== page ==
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This was inspired by a discussion with the GM of a PbEM game I used to play in. When he runs a game, he believes that plot is more important than characters; when I run games, I tend to focus more on the characters and less on the plot.

The problem seems to be finding the elusive happy medium between the two.

I shall attempt to explain: if the players are not allowed to affect the game's story, but only given the opportunity to react to pre-determined events, they may become frustrated, and/or wonder, if the story's outcome is predetermined, why they're bothering to play in the first place.

On the other hand, if the game concentrates on the characters to the exclusion of the story, it can stagnate and devolve into an endless round of characters asking "What do you want to do tonight, Conan?" "I dunno, Red Sonja, what do you want to do?" Here, the problem is boredom; the players may wonder why they're bothering to play when nothing really happens.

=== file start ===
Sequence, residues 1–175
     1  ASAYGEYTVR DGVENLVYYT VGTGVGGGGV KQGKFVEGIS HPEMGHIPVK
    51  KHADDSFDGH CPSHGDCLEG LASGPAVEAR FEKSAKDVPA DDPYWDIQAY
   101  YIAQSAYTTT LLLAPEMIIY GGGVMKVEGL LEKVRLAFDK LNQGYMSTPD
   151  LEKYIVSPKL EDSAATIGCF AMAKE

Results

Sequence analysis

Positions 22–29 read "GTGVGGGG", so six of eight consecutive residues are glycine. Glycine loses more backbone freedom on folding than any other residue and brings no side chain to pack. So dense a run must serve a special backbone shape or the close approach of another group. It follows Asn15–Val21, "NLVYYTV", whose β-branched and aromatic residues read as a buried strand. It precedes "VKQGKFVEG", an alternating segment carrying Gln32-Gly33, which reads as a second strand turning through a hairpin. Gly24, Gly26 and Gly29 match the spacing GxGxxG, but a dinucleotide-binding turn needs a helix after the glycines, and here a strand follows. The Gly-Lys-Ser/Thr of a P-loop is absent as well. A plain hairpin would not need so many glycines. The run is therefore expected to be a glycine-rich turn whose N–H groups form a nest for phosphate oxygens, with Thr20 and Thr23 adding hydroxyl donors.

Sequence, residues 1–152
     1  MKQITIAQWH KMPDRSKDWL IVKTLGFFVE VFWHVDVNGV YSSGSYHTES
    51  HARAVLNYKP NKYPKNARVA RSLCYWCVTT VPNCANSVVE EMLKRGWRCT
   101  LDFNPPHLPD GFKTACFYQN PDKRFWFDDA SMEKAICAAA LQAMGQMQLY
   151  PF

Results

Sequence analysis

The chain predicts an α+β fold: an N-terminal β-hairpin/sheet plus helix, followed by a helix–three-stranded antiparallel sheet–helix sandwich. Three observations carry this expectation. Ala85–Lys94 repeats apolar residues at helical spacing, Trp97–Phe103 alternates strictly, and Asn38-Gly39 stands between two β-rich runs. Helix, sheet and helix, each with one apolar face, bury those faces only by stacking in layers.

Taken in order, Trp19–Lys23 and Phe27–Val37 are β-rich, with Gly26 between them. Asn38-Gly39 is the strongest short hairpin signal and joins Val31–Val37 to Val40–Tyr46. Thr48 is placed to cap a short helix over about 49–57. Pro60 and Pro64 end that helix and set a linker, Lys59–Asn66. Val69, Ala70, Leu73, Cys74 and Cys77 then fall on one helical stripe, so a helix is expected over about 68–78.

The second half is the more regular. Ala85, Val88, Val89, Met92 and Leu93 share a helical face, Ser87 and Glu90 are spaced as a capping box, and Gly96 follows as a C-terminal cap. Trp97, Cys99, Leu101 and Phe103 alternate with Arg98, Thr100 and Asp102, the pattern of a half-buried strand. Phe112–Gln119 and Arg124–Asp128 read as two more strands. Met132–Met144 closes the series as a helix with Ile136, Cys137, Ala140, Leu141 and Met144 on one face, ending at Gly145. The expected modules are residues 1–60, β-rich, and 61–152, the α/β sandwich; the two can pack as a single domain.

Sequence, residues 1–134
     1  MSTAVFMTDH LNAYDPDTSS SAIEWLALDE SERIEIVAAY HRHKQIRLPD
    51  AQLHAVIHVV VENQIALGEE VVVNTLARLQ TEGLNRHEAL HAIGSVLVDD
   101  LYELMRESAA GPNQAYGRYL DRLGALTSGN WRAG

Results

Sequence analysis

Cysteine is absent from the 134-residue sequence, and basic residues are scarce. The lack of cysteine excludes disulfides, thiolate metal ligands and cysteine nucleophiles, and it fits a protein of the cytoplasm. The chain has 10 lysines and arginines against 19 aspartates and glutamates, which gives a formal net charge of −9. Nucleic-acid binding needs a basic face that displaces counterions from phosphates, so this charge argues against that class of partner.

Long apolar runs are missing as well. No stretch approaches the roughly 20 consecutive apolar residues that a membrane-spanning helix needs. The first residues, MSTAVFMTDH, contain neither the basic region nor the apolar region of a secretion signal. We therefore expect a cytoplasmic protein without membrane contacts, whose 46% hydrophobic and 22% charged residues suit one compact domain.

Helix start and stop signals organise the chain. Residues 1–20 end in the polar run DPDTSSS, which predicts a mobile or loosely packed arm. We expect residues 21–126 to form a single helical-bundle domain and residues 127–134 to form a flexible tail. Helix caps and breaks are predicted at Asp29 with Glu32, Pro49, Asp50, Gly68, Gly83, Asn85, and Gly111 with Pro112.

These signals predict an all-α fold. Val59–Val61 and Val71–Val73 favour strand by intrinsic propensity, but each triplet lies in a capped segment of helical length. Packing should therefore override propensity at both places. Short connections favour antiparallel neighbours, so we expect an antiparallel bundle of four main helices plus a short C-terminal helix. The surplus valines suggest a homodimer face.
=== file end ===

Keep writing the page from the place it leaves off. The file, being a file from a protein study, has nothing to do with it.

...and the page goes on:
There is a balance between the two extremes -- exactly where you fall on the spectrum probably depends on the individual group.

Or maybe these are just the random meanderings of someone who hasn't had any breakfast yet....


( 1 die rolled — Roll the dice )
Feb. 28th, 2004 05:20 am (UTC)
Here's a bit of insight: You can have a character-based game that works really well. The trick is to make sure the players make characters who *will* want to do something.

It's tricky cuz a lot of players are used to being lead around by the GM. But when it works its fantastic - especially for lazy GMs like me. When players figure out that they truly have the power to shape the plot (and this does depend on the GM being willing to give that to them) they do amazing things and honestly play is really really satisfying.

( 1 die rolled — Roll the dice )


The Geek Queen
This LJ chronicles my experiences in geekdom. Feel free to read, but beware of falling dice!

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